Volt Birth Watch 115: Obama's Choice

Edward Niedermeyer
by Edward Niedermeyer
volt birth watch 115 obamas choice

Obama is doing what he can to avoid getting overly involved in the unfolding government-industry debacle, but as we noted earlier, that’s a luxury he can only avoid for so long (not that we blame him for trying). Nothing illustrates the tough choices that The One will face in a few short months like Chevy’s moon-shot-mobile: the Volt. Accordingly, Holman W. Jenkins Jr has a column in today’s Wall Street Journal about “the car of the Age of Obama — or at least the Honeymoon of Obama, before the reality principle kicks in.” Jenkins devotes a good deal of the column to rehashing the many, many problems with the whole Volt project, a topic we have covered extensively in our Volt Birth Watch series. His logical conclusion? “It’s a car that will be unsalable without multiple handouts from government.” And he doesn’t go easy on Obama either…

Jenkins argues that Obama’s “programmatic prescriptions amounted to handwaving designed to capture the presidency rather than tell voters what really to expect. This may have been a virtue in campaigning but it becomes a handicap in governing. The public now has no idea what to expect — except miracles, reconciling all opposites, turning all hard choices into gauzy win-wins.” The upshot? “Get rid of the ‘two fleet rule,’ devised by Congress’s fuel-mileage managers to keep Detroit making small econoboxes in high-cost UAW factories… and dump CAFE altogether. If Congress really thinks consumers must be encouraged to use less gas, replace it with an intellectually honest gas tax.” But can Obama make these tough changes with the Volt dangling just out of reach, offering the same transformative change offered by Obama himself? It won’t be easy, that’s for sure.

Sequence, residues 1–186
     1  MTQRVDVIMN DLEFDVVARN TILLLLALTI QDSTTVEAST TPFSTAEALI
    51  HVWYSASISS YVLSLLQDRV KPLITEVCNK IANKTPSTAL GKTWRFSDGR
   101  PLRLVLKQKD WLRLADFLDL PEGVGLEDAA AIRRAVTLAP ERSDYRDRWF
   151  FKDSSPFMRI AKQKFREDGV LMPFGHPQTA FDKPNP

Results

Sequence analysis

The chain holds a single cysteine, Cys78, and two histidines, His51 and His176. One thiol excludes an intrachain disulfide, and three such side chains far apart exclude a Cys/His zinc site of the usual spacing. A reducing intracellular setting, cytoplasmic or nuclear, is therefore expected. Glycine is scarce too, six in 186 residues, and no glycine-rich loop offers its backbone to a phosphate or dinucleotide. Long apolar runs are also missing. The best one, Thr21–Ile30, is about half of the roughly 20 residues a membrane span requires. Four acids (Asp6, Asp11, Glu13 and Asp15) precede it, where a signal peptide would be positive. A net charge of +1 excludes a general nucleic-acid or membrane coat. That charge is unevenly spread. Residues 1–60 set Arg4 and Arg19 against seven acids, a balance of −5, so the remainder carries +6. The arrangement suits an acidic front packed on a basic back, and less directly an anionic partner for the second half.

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  • Waffle Waffle on Nov 12, 2008

    Given past history with GM new technology product launches I predict that the Volt will have: -the powertrain durability of the original alum Vega engine -bug free operation of the cadillac v4-6-8 -longevity of the Oldsmobile diesel -refinement of the quad 4 -leakproofness of the cadillac 4100 V8 -market success of the Cimmaron -smooth production ramp up of GM10 -paint quality of early 90's pickups -rust resistance of mid-90s Cavalier -elegant interior of the late 90's Chevy Corsica -timeliness of GMT900 platform

  • Kendahl Kendahl on Nov 12, 2008
    "When gas goes back to $5+ a gallon next summer." Last summer, I paid over $4 per gallon. My Infiniti G37 gets between 23 and 24 mpg. A Prius would go twice as far, but would be much less enjoyable to drive. Therefore, if I wanted to be honest when I enter data into my budget, I would put half the cost under transportation and half under entertainment. And, if I wanted to be really honest, I would also file under entertainment the difference in purchase price between the G37 and an old beater.

  • NotMyCircusNotMyMonkeys you want america great again? bring back honest unions
  • TheEndlessEnigma ...and nothing is UAW politics, policies or behavior will change.
  • TheEndlessEnigma If the staff being directed to relocate aren't already in California or Illinois Rivan is likely to find a not inconsiderable portion of that staff decline the relocation; California and Illinois are not places folks are tending to MOVE TO unless you're already in those states.
  • MrIcky I think you spelled Sinn Féin wrong.
  • TheEndlessEnigma If they restrict it to electric only....well...another Stellantis fail inbound.
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